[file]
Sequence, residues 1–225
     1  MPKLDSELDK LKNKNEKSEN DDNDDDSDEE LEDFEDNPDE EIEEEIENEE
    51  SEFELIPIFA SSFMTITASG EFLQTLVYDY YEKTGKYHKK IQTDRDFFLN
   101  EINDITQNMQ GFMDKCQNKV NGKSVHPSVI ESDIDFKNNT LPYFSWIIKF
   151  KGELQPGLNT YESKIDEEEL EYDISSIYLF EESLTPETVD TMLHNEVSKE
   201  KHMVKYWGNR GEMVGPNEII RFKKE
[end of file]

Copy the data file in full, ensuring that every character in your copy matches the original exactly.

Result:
Sequence, residues 1–225
     1  MPKLDSELDK LKNKNEKSEN DDNDDDSDEE LEDFEDNPDE EIEEEIENEE
    51  SEFELIPIFA SSFMTITASG EFLQTLVYDY YEKTGKYHKK IQTDRDFFLN
   101  EINDITQNMQ GFMDKCQNKV NGKSVHPSVI ESDIDFKNNT LPYFSWIIKF
   151  KGELQPGLNT YESKIDEEEL EYDISSIYLF EESLTPETVD TMLHNEVSKE
   201  KHMVKYWGNR GEMVGPNEII RFKKE